Ushuaia to Torres del Paine: Fascinating Animal Experiences

We’ve encountered some very special wildlife, visiting some incredible places and beginning to discover the natural gems in Chile. 

Maxine standing on a bridge over a stream looking up at the lush Valdivian Rainforest. Santa Barbara beach, Chaitén, Chile.
A flight of Cormorants, Beagle Channel

The Beagle Channel: Wildlife at Sea

Still in Ushuaia, we managed to get on one of the last trips out to see some of the wildlife along the Beagle Channel before their migration north this year.

We visited the famous Martillo Island, home to Magellanic Penguins and en route, finding flights of Cormorants and a colony of Sea Lions too.

Magellanic penguins at Martillo Island in the Beagle Channel near Ushuaia. Argentina.
Magellanic Penguins on Martillo Island

We were overjoyed just to watch the last of the penguins cast their wings back and cheekily waddle along the beach in the flesh. (It really is as funny as it seems and even more so in real life!) The Sea Lions were also fascinating to watch, so rude, clambering all over each other, grunting and growling in their own territorial fashion.

It reminded us that having such a close connection to animals is a magical feeling and any chances for that are moments to be treasured.

A colony of sea lions clambering over each other at Martillo Island in the Beagle Channel near Ushuaia. Argentina.
Sea Lions, Beagle Channel

A Unique Encounter in Torres del Paine, Chile

Coined the ‘Eighth Wonder of the World,’ and home to many famous treks, we finally arrived at Torres del Paine National Park in Chile. We were so excited!

Campervan driving down a road before Cuernos del Paine in Torres del Paine National Park, Chile
Cuernos del Paine, Torres del Paine, Chile

People go there often to complete the O and the W trails which are treks around the National Park, but as we hadn’t booked anything in advance, we explored some of the remote spots of beauty in the park ourselves and then opted to complete the day hike up to the base of Torres.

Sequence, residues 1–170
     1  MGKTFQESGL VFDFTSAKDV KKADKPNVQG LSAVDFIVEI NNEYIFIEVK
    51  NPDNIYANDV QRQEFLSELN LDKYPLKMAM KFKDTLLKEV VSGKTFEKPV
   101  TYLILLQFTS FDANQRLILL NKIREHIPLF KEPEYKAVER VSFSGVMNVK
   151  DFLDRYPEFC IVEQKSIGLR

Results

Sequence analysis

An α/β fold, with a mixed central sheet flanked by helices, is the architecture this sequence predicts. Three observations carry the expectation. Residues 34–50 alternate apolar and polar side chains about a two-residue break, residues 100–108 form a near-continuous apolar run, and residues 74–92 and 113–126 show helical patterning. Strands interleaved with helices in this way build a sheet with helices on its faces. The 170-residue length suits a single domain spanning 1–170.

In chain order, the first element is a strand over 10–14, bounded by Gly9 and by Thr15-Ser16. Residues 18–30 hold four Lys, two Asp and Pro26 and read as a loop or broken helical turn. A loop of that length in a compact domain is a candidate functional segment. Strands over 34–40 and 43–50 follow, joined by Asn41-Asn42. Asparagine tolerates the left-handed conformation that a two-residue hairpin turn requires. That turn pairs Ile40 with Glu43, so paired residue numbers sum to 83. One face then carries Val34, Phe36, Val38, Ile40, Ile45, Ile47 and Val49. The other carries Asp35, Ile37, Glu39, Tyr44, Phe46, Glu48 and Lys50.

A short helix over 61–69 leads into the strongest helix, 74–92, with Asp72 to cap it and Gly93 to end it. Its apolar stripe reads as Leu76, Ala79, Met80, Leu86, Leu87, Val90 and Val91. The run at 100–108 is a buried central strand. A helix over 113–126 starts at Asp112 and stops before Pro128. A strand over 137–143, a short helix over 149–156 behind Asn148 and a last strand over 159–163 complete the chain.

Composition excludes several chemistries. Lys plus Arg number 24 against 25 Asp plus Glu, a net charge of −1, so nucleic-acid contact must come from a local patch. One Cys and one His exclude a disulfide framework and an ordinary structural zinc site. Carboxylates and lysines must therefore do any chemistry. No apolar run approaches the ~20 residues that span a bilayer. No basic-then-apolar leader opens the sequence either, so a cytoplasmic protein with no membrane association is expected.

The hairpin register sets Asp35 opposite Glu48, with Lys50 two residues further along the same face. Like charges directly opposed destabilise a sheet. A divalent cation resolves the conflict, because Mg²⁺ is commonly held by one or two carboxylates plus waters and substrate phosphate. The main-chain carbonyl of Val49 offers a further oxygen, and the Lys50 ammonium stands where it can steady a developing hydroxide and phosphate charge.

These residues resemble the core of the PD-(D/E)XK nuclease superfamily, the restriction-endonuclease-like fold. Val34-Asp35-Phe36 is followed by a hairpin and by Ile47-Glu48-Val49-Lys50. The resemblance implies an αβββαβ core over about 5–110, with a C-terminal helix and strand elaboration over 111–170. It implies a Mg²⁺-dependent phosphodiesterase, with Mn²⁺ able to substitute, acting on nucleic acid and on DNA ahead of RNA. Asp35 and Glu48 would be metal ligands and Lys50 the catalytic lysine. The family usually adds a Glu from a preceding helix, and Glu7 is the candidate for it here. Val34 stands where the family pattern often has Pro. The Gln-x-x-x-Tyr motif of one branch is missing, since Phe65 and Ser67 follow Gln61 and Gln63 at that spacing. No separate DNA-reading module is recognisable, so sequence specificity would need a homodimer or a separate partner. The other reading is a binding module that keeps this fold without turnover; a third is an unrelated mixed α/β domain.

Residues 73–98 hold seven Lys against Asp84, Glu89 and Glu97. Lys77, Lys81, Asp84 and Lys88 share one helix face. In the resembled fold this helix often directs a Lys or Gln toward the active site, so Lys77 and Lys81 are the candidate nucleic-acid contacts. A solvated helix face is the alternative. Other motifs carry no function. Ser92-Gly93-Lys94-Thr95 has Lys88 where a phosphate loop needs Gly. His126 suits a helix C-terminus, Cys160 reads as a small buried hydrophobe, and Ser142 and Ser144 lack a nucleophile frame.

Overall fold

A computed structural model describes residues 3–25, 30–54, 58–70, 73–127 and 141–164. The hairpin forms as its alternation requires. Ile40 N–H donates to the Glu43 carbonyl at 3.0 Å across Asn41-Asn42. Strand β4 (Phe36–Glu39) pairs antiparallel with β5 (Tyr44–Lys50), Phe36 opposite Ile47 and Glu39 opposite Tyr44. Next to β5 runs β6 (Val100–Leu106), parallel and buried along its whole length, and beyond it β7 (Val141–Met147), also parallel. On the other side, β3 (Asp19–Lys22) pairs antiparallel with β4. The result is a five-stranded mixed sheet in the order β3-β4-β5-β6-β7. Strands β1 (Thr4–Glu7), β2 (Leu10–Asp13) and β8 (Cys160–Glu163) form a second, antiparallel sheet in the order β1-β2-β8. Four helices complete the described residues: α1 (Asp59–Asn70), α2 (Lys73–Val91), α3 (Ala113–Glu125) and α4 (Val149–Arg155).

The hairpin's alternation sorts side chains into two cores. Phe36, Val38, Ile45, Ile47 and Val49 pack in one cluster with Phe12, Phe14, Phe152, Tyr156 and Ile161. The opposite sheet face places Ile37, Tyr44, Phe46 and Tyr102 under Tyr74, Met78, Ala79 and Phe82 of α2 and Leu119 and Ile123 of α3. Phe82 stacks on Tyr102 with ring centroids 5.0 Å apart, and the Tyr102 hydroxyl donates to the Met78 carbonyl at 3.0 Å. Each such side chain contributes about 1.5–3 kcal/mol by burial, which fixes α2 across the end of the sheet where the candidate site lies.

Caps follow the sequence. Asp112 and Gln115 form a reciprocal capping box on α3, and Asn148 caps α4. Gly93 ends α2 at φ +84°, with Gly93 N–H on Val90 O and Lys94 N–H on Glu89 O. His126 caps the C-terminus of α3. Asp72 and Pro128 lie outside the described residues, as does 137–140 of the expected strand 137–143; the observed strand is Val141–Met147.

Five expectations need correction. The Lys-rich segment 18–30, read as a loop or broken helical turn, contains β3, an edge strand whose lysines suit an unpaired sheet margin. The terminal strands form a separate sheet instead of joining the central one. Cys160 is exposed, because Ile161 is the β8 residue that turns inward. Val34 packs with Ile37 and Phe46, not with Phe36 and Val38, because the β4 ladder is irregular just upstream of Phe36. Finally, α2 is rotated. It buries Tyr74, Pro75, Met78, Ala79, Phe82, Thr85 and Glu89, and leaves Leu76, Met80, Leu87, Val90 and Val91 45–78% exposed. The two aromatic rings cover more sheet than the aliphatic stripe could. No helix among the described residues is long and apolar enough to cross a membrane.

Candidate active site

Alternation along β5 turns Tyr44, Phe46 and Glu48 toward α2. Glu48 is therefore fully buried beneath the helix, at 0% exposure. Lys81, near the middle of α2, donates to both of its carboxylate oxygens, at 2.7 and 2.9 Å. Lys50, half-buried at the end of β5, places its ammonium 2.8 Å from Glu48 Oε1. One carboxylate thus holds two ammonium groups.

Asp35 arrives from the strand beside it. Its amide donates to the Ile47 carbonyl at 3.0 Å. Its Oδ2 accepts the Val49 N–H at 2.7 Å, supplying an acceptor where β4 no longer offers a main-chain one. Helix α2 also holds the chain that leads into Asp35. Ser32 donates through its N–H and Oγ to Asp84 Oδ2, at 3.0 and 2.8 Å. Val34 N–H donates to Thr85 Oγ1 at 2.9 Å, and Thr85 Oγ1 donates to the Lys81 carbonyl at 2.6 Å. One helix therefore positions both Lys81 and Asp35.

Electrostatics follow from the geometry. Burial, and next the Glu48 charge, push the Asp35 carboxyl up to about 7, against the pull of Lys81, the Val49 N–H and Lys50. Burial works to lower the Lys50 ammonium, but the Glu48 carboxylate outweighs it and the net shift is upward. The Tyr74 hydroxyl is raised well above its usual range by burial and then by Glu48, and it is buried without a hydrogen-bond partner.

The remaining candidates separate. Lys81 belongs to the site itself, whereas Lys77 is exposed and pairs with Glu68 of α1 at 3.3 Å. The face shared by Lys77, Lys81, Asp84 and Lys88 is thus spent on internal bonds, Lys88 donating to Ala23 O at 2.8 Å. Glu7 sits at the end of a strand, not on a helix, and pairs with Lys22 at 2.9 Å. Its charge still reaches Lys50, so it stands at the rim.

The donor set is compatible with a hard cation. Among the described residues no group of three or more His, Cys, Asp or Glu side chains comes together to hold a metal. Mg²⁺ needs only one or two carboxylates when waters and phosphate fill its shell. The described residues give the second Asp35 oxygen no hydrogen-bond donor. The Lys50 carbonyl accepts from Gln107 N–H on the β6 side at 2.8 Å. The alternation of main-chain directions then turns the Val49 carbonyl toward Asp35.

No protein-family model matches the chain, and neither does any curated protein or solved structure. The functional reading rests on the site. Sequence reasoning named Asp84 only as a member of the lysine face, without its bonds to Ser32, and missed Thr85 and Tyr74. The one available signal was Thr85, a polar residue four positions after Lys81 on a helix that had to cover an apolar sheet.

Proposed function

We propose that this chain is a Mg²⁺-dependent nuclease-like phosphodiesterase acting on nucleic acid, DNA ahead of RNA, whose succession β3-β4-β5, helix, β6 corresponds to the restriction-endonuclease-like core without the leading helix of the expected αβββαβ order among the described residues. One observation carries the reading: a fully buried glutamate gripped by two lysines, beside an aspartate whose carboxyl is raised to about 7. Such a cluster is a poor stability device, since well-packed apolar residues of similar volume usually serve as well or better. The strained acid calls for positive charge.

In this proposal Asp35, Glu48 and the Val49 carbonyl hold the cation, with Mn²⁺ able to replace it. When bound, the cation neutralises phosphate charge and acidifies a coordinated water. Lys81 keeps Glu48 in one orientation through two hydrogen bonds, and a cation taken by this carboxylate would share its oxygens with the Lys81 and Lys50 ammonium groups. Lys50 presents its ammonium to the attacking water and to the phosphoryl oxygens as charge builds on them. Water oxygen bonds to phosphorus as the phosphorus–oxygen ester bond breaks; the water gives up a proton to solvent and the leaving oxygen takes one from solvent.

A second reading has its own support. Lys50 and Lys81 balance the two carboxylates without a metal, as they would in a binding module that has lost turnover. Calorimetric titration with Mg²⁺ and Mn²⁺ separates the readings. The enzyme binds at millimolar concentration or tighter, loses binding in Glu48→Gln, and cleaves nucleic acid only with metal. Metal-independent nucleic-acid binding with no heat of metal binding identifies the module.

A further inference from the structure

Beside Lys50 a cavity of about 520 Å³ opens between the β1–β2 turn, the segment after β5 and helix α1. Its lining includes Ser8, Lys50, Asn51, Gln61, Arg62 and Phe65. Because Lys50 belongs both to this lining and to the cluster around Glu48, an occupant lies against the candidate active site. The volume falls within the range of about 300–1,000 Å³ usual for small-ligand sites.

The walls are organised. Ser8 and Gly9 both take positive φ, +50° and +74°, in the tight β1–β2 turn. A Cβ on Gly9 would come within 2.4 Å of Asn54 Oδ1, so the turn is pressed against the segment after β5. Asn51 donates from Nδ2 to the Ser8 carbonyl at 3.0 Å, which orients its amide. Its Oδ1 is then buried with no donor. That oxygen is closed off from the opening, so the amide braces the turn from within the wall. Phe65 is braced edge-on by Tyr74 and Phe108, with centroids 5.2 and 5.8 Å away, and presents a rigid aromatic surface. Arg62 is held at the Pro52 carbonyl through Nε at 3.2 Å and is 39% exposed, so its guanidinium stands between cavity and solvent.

The three magestic golden towers of Torres del Paine against a deep blue sky with Lago Torres in the foreground.
Torres del Paine, Chile
It was a crisp, orange morning when we set off, wowed by the hues cast on the mountains. We bathed in shades of red and amber as we made our way through the forests in the valley (it’s autumn here) and then scrambled the last hour up through waterfalls and dewy rocks, to be met all around us by glistening, snow-dusted peaks. Lake Torres was aquamarine and the time we spent at the top there, in the sunny air overlooking the views which were truly majestic. Theo didn’t manage to get his usual cold swim as swimming is prohibited in the National Park for safety reasons. So, we basked in the sun for hours in our puffer coats and soaked it all up instead.

Visiting Torres del Paine is like walking through a dream. You can expect to be blown over by the wind, baked by the sun and drenched by the rain all in one sitting. But you can also expect treat after treat of natural beauty. Lakes, mountains, wildlife and waterfalls aplenty!

Waves crashing from Lago Grey by Glaciar Grey, Torres del Paine National Park, Chile
Grey Beach, Torres del Paine
Guanaco, close up, Torres del Paine National Park, Chile
A Guanaco that we stopped to greet.

Alongside the booming population of Guanacos in Chile, we had also heard that there were Pumas. As the Chileans are so protective of their National Parks, TDP was apparently home to the region’s largest population of them. We really hoped to see one, but knew it might be quite difficult. So we waited patiently, until one day, one drive along a long stretch of road at dusk, when we noticed a few cars pulled over and some people glaring and pointing into the landscape.

We didn’t notice at first, but we had stopped right beside a young Puma, camouflaged in the bushes, his ears listening out and twitching. After resting for some time, it rose up yawning, stretched out its front legs and curled its tail, before tossing a bone across the steppe, playfully.

We watched all this from the other side of the road, and after a while, it started meowing across the valley. We didn’t get too close, but watched as it passed just half a meter away from some of the park’s Puma trackers, who had arrived to take note of the sighting.

The cries are etched in our memory. It was a very special moment when time became irrelevant. We feel so inspired and grateful for the experience.

Want to hike in Torres del Paine? Read our Hike to Base of Torres Guide: Everything to plan this iconic 1 day hike with incredible views of Paine Massif (The Blue Towers) and Lago Torre.

it rose up yawning, stretched out its front legs and curled its tail, before tossing a bone across the steppe, playfully.